Pig's Eye Mascot

On Civic Mascots, Civic Pride & the City of St. Paul

(With major input from Andy Singer, Bill Lindeke, and Tom Basgen,but especially Andy.


Last week, St. Paul Mayor Melvin Carter announced that St. Paul’s annual July 4 fireworks are a no-go this year.

Naturally, the comments – both on Facebook and on the local news sites – are displeased. Accusations are being flung that this shows a lack of civic pride and patriotic spirit.

Now is the moment. The moment… for a civic mascot for St. Paul.

You may have recently seen the CityLab article on Japan’s wacky city mascots. Per that article:

Thousands of municipalities all over Japan have their own mascots, typically designed to reflect local produce, wildlife, or landmarks. In many cases, they create a bizarre hybrid of all three. Cartoon images of these characters enliven posters and street signs, while roly-poly costumed incarnations waddle around summer festivals or hand out prizes in schools. They promote tourism, generate revenue from memorabilia sales, and are a source of regional pride.

Several streets.mn contributors were recently discussing what mascot would apply for St. Paul. This was shortly before the #mprraccoon incident, with the daring trash panda making national news for her struggle to exist in an urban landscape not built to her needs.

But the raccoon is not a good mascot candidate, in and of herself. First, the City of Coon Rapids already has a raccoon costume that they make some poor jerk wear on the summer parade float, waving furrily in the hot sun alongside Miss Coon Rapids and other notables. (We bet it is a more enjoyable outfit to wear during the winter festival.) Second, the raccoon was relocated to Shakopee, which seems to counter St. Paul civic pride (“The most livable city in America!“).

But for livability, there is Pig’s Eye Parrant. As the first person of European descent to live within the borders of what would eventually become St. Paul, he had vision. He knew livability. And he found it, right along the river, where he trapped furry creatures and distilled his own liquor for sale and trade. He was an entrepreneur! The area was known by his nickname until 1841, when a Catholic priest showed up and gentrified the name.

So, thanks to Andy Singer, we have a proposed mascot of civic pride for St. Paul to soothe the wounds of a fireworks-less Fourth:

Pig's Eye Mascot

A drawing of a potential Japanese Anime style mascot for the city of Saint Paul that is a cute Pigs Eye with a live racoon hat and a bottle of booze, by Andy Singer

Note the homage to entrepreneurship! To the #mprraccoon! It would make a great parade float costume, and look great on a t-shirt, as a stuffed toy, as magnets and even painted on water towers!

However, we suspect that after a few dozen public hearings, much as Father Lucien Galtier thought naming a town after a bootlegger was maybe uncool, we bet the people of St. Paul would descend into madness, discussions of city-wide garbage collection, and possibly even questions about where Pig’s Eye would park. Eventually, a compromise civic mascot would emerge:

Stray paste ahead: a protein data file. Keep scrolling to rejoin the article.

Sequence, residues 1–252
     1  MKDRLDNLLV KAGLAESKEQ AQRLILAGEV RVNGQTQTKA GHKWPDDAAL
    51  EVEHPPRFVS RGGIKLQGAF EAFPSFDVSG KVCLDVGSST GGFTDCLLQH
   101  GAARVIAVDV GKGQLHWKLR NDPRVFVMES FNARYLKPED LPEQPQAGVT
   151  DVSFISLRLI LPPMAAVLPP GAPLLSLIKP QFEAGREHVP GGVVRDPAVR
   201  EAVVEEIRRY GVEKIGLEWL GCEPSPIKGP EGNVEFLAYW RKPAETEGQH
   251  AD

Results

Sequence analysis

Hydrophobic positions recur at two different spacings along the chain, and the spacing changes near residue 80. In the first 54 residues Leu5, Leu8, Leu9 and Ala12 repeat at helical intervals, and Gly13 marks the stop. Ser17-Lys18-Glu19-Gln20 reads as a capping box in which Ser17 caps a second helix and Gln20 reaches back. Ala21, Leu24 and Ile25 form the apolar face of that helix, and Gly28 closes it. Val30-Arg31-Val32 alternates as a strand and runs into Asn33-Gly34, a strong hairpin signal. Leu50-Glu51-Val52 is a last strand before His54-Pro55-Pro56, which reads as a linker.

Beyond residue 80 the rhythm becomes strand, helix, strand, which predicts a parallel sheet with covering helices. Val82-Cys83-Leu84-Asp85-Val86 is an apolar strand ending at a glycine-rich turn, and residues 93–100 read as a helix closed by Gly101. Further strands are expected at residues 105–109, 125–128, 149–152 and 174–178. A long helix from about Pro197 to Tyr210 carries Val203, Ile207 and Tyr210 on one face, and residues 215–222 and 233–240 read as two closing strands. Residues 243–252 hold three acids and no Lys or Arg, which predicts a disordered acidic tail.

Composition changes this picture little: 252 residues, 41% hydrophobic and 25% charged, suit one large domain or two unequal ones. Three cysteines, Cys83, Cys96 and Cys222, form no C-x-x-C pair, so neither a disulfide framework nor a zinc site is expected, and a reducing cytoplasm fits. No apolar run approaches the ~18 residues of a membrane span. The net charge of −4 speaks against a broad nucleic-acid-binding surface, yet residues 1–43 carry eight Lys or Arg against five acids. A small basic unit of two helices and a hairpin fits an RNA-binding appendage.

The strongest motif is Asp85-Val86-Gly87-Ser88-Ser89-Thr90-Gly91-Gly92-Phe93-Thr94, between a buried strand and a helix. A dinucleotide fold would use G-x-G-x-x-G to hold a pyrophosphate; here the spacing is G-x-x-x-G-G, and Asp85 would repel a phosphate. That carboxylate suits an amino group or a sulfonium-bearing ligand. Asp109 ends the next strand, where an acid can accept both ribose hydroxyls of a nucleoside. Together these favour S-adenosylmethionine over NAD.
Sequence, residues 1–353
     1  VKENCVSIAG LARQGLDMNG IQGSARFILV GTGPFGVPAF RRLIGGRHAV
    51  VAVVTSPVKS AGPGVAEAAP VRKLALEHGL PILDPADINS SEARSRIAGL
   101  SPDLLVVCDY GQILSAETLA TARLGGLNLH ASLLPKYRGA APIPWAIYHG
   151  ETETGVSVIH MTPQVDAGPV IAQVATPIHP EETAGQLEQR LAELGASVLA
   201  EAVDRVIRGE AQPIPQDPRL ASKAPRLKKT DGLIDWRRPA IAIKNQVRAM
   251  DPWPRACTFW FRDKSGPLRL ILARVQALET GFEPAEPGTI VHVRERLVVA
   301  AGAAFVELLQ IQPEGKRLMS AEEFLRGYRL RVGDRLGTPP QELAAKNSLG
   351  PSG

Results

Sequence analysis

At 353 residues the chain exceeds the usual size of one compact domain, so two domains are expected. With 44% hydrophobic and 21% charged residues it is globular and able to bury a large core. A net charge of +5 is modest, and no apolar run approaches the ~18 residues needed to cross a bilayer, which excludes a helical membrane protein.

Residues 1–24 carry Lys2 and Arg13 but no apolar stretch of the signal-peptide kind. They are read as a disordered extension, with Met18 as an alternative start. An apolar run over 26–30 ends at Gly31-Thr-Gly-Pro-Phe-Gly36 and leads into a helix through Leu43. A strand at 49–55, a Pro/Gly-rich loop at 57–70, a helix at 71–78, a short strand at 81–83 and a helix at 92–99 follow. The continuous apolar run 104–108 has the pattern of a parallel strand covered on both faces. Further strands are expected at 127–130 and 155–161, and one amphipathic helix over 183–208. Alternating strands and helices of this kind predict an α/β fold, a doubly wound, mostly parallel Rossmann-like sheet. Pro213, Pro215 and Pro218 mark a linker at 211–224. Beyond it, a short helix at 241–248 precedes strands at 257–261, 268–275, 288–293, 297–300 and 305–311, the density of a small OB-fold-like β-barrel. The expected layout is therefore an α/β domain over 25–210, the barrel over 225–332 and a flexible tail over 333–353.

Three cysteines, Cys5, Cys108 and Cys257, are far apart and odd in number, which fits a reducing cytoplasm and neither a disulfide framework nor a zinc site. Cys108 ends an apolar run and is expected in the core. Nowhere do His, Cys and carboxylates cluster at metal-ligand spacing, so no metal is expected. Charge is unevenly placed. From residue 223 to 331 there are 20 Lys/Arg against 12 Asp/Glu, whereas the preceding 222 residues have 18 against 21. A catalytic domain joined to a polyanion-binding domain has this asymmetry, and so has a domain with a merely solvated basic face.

A drawing of a potential Japanese Anime style mascot for the city of Saint Paul that is a cute capitol building, by Andy Singer

Now, it’s not that we don’t love the Capitol – Cass Gilbert did excellent work on it! But, what would you rather see waving at you from a parade float? What would my kids rather get their picture taken with? And where’s the raccoon, anyway?

Happy July 4th, y’all. May your civic pride overflow, and may no one in your July 4 parade collapse wearing a fur suit.

About Julie Kosbab

Julie Kosbab is an online marketing consultant and active transportation advocate living in Anoka County, Minnesota. She was one of Minnesota's only League of American Bicyclists Certified Instructors when certified in 2005, and is no longer lonely in that calling. A past member of the National Bicycle Tour Directors Association, she has 2 children and a garage full of bicycles. Find her on Twitter as @betweenstations, or read her (seldom updated) blog at Ride Boldly!

Andy Singer

About Andy Singer

Andy Singer served as volunteer co-chair of the Saint Paul Bicycle Coalition off and on for 13 years. He works as a professional cartoonist and illustrator and has authored four books including his last, "Why We Drive," which examines environmental, land use and political issues in transportation. You can see more of his cartoons at AndySinger.com.

Bill Lindeke

About Bill Lindeke

Pronouns: he/him

Bill Lindeke has writing blogging about sidewalks and cities since 2005, ever since he read Jane Jacobs. He is a lecturer in Urban Studies at the University of Minnesota Geography Department, the Cityscape columnist at Minnpost, and has written multiple books on local urban history. He was born in Minneapolis, but has spent most of his time in St Paul. Check out Twitter @BillLindeke or on Facebook.

Tom Basgen

About Tom Basgen

Your Friend and Neighbor https://twitter.com/TomBasgen